People will sit on the sidelines for a while, but this won’t last forever. Either home prices must drop or the economy must catch up to home prices. In the alternative, people can seek lower cost areas.

5/04/2006 07:59:00 AM  
Blogger grim said...

From Bloomberg:

U.S. Treasuries Fall After Labor Costs Rise More Than Forecast

U.S. Treasuries fell after a government report showed labor costs rose twice as much as forecast, adding to concern that a strong jobs market will cause inflation to accelerate.

Ten-year note yields are the highest since May 2002 as traders and investors increase bets the Federal Reserve will raise interest rates twice by July to keep inflation in check. The $4.2 trillion Treasury market has lost 1.89 percent this year.

``The market is growing increasingly concerned with the potential for an upward move in inflation at the same time that the Fed seems more positioned to pause,'' said Kevin Cronin, who oversees $67 billion as chief investment officer for fixed income at Putnam Investments in Boston.

The yield on the benchmark 10-year note climbed 2 basis points to 5.17 percent at 8:51 a.m. in New York, according to bond broker Cantor Fitzgerald LP. Yields move inversely to bond prices. The price of the 4 1/2 percent security due February 2016 fell more than 1/8,or $1.25 per $1,00 face amount, to 94 15/16.

5/04/2006 08:02:00 AM  
Blogger Metroplexual said...

More dope, from the "money honey".

MAY 4, 2006

By Maria Bartiromo

Straight Talk from the Fed
New York Federal Reserve President Tim Geithner on housing prices, regulation, and the post-Greenspan era
A lot of ink has been spilled and hot air emitted over comments Fed Chairman Ben Bernanke made to me and two other guests at the Apr. 29 White House Correspondents Dinner in Washington. His point was that the markets and the media had misread his remarks to Congress the previous week: A more flexible approach to raising interest rates was interpreted as softness.

The larger point was that trying to be clearer about the central bank's goals is not always easy. But there is a new openness at the Fed. That was evident when I had a chance to visit with Tim Geithner, president of the influential Federal Reserve Bank of New York.

How worried are you about $70 oil cutting into economic growth?
The world has handled this energy price shock surprisingly well. But...future price moves could cause more damage than they have so far.

How worried should we be about the imbalances created by the twin deficits [budget and trade]?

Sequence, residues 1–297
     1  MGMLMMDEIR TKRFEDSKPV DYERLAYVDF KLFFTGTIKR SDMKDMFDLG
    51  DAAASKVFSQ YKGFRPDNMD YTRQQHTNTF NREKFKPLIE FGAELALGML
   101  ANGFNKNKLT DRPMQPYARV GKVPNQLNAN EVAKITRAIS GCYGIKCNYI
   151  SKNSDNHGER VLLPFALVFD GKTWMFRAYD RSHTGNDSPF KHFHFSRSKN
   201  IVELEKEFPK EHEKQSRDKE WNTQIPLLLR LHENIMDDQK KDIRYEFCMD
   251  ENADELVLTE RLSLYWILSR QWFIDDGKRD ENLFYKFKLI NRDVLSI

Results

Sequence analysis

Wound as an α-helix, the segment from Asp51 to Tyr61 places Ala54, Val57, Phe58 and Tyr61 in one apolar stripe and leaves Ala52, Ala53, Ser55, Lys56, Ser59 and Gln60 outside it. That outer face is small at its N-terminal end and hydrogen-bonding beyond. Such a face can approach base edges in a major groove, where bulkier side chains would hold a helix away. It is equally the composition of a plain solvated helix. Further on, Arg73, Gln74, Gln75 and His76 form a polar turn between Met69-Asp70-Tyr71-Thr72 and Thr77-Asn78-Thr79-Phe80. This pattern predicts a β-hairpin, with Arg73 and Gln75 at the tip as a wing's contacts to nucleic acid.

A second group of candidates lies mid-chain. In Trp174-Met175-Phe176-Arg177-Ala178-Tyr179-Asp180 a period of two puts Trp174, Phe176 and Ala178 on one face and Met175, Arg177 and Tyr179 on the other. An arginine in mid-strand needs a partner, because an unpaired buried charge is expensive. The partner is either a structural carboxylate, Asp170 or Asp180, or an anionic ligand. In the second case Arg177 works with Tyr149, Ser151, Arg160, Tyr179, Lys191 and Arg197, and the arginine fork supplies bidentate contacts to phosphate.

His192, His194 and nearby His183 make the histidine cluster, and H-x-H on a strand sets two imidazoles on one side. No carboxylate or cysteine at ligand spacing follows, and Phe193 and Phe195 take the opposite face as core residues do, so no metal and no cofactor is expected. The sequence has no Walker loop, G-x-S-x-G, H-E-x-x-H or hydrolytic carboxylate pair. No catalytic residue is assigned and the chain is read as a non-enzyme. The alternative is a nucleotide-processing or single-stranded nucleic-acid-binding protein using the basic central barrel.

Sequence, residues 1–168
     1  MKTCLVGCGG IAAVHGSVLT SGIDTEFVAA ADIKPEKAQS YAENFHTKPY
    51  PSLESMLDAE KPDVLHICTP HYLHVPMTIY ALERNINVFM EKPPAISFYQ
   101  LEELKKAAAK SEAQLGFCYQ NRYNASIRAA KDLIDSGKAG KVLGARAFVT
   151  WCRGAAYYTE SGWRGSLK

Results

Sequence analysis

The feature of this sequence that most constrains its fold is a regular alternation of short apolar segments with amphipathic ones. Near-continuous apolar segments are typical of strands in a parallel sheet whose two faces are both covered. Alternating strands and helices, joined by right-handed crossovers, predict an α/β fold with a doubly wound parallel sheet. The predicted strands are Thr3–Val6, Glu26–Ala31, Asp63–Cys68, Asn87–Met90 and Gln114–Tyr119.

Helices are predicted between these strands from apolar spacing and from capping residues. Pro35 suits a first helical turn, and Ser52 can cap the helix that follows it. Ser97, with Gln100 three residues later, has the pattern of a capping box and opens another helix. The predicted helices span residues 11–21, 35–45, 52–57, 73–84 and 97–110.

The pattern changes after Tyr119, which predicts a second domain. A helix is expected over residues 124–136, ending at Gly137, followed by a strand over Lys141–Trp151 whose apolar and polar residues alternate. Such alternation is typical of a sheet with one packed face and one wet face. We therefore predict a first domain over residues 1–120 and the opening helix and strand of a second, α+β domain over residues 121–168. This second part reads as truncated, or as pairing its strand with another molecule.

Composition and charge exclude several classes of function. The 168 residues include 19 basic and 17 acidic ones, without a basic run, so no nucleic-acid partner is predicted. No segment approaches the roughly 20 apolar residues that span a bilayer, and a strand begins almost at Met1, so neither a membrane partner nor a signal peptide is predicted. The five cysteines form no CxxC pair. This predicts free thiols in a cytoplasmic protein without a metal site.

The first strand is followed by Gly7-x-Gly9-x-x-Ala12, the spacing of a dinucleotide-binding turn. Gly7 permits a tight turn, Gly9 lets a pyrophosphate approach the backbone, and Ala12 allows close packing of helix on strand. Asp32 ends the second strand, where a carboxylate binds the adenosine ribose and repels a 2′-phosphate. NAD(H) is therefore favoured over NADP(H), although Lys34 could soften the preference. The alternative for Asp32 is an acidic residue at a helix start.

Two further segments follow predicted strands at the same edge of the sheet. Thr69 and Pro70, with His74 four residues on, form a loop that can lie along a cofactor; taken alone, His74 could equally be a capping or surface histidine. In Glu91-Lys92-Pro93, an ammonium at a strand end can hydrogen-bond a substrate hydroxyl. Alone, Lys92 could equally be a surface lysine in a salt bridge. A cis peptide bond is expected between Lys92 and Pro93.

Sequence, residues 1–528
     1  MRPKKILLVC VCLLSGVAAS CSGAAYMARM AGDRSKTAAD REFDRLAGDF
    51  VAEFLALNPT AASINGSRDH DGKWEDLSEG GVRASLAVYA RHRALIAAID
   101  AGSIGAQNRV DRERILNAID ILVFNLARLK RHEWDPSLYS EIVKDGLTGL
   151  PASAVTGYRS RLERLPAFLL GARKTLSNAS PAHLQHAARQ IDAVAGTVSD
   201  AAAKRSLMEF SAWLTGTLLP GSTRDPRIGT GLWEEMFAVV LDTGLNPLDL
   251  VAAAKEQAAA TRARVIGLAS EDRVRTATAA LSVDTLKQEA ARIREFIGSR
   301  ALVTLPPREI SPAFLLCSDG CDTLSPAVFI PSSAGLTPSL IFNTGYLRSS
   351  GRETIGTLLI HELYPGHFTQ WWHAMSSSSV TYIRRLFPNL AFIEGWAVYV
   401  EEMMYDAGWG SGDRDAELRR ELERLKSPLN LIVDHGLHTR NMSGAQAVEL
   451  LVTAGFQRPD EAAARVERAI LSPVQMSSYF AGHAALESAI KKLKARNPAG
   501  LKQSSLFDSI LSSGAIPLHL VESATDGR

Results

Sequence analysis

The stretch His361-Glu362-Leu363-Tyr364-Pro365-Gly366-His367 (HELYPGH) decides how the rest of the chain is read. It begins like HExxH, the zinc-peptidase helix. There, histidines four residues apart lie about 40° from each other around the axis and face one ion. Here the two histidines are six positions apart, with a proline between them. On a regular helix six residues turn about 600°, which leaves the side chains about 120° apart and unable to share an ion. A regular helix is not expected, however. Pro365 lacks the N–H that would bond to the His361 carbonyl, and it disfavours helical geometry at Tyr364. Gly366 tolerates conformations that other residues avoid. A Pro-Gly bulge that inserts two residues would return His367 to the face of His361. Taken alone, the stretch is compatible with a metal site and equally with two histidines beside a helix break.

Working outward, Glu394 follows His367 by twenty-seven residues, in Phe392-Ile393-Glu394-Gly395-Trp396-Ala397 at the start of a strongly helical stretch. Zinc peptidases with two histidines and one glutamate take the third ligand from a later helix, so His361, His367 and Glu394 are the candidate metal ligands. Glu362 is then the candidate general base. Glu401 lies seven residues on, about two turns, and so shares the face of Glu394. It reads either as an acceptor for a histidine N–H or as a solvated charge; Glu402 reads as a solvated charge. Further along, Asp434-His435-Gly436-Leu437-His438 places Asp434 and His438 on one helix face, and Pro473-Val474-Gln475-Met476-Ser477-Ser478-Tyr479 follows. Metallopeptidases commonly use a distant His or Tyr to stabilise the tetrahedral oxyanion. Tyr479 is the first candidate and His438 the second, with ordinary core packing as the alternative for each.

The imbalances in the world economy -- they are not solely in the U. S. -- are too large and are clearly unsustainable. But...we will be living for the next decade with the shadow caused by these imbalances and also with the risk they present of occasional volatility of asset prices and perhaps periods of slower growth here and elsewhere.

Has real estate really slowed down?
A range of indicators suggest housing is cooling, but...the hard question is assessing the degree to which households might become more cautious in response to the end of the housing boom.... So far we haven't seen much evidence of higher savings or slower spending growth. But that doesn't mean we won't.

What regulation is appropriate for hedge funds?
Hedge make our markets more liquid, more efficient, better at matching capital to its highest return. But...there is some risk that they could exacerbate a crisis. The most effective way to mitigate this risk is...for major financial institutions to maintain an adequate cushion -- in terms of capital, margins, liquidity -- against a more adverse future and to make sure the infrastructure that supports our markets is robust. Our principal objective [is] to make sure the core is strong enough to withstand financial distress in the hedge fund sector.

Is there another LTCM [the Long-Term Capital Management crisis of 1998] lurking out there?
Even though the core institutions are strong in terms of capital, and risk is now spread more broadly, rapid growth in derivatives and hedge funds creates risk that future financial stress may be harder to manage.

How have things changed inside the Fed post-Greenspan?
This is an institution where the chairman has a big role, so of course there will be change. But as Ben [Bernanke] has said, his basic approach to thinking about monetary policy is very similar to Greenspan's. I suspect that even though the way the meetings are run will change, you will see continuity in policy.